A luscious botanical garden smack in the center of Rome.
If you're tired of city life maybe it's time to tend the garden.
Rome's Botanical Garden is surprisingly large, and surprisingly well-hidden. Yet here, between the Tiber and the Gianicolo, you will find more than 3000 plant species hidden on 12 hectares of luscious, wild greenery.
This veritable Garden of Eden is a great place to escape the crowds and noise of Rome's historical center and get your nature-fix in the middle of the crowded alleys of historical Rome.
At the northwestern tip of Trastevere, close to the river and not far from the Vatican. Map.
IT TOOK TWO years of living in the Eternal City, as well as an additional 20+ visits over the course of a decade, before Minor Sights finally made it down the Yellow Brick Road to Rome's Botanical Garden (It: Orto Botanico.) And that's not unusual: in spite of being a 5 minute stroll from various tourist attractions, 99% of visitors never discovers this great little garden.
|Emperor Severus used to bathe here; Prince Corsini used to stroll here.|
However, it took Italian reunification, and the hostile take-over of the gardens of the adjacent Orsini Palace before the gardens reached their current shape and legal status. Now managed by the Biology Department of the University of Rome La Sapienza, the garden is open to anybody, regardless of Papal or noble connections.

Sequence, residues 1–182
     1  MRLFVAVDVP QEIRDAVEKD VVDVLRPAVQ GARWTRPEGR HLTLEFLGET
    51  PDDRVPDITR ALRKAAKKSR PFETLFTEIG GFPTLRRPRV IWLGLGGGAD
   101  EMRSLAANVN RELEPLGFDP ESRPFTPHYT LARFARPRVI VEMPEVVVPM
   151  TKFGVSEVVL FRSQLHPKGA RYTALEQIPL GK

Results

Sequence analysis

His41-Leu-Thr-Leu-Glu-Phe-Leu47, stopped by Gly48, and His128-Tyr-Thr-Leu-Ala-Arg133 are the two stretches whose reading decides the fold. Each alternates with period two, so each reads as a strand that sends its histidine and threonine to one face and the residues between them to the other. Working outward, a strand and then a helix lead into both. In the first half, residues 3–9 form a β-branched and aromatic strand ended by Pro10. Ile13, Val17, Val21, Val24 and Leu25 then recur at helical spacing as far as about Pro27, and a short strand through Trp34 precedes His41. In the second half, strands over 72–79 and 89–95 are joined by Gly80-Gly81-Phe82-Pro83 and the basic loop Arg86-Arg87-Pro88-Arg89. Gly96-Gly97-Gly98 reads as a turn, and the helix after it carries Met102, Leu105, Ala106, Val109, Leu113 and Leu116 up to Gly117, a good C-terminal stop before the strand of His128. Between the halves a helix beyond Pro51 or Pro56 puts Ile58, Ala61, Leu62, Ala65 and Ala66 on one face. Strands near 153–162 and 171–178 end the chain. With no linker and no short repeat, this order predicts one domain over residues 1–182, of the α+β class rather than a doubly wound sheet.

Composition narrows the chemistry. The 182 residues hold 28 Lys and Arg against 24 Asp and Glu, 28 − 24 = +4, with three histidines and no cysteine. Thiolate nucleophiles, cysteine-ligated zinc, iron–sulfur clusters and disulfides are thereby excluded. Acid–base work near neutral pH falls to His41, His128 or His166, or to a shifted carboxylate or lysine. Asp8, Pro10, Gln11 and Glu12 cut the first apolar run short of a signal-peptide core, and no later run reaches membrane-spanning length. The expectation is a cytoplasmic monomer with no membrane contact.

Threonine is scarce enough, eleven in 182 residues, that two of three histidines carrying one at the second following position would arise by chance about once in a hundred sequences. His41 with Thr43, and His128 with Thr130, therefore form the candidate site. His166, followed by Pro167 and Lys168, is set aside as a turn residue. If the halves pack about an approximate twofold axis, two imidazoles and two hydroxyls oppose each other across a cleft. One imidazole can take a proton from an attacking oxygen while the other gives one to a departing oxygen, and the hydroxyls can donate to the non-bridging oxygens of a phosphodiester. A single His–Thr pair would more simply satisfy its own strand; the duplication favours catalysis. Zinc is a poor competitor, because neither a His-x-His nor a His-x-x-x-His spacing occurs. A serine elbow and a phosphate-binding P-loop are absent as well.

|Bonus points if you can tell us what this is (comment box below). We have no idea!|
But hey, just like you didn't come to Rome to look for straight lines and modern architecture, the higgledy-piggledy nature of the Botanical Garden is very much part of its charm.
There's a Japanese garden with tiny red maple leaves (in late autumn at least.) There's a bamboo forest that wouldn't be out of place in rural China. There are Mediterranean cacti and Himalayan cedars, greenhouses galore, and depending on the season, the multi-coloured hues of either flowers or dying leaves.
|A touch of Japan in central Rome|
As usual in Rome, your best bet is walking. The Garden's entrance is reached through Via Corsini, off of Via della Lungara. You'll pass the massive Palazzo Corsini, a magnificent late-Baroque pile whose original extensive gardens were confiscated in the post-reunification Anschluss to create the current Orto Botanico.
(As an aside, Palazzo Corsini was the Roman residence of the infamous Christina, the slightly eccentric/bonkers Queen of Sweden, and the square in front of the Garden bears her name.)
|Palazzo Corsini as seen from its erstwhile gardens.|
On the way to the garden you will pass another fantastic Minor Sight, the Villa Farnesina with Raphael's stunning frescoes.
La Sapienza publishes a useful leaflet of the gardens which can be downloaded here.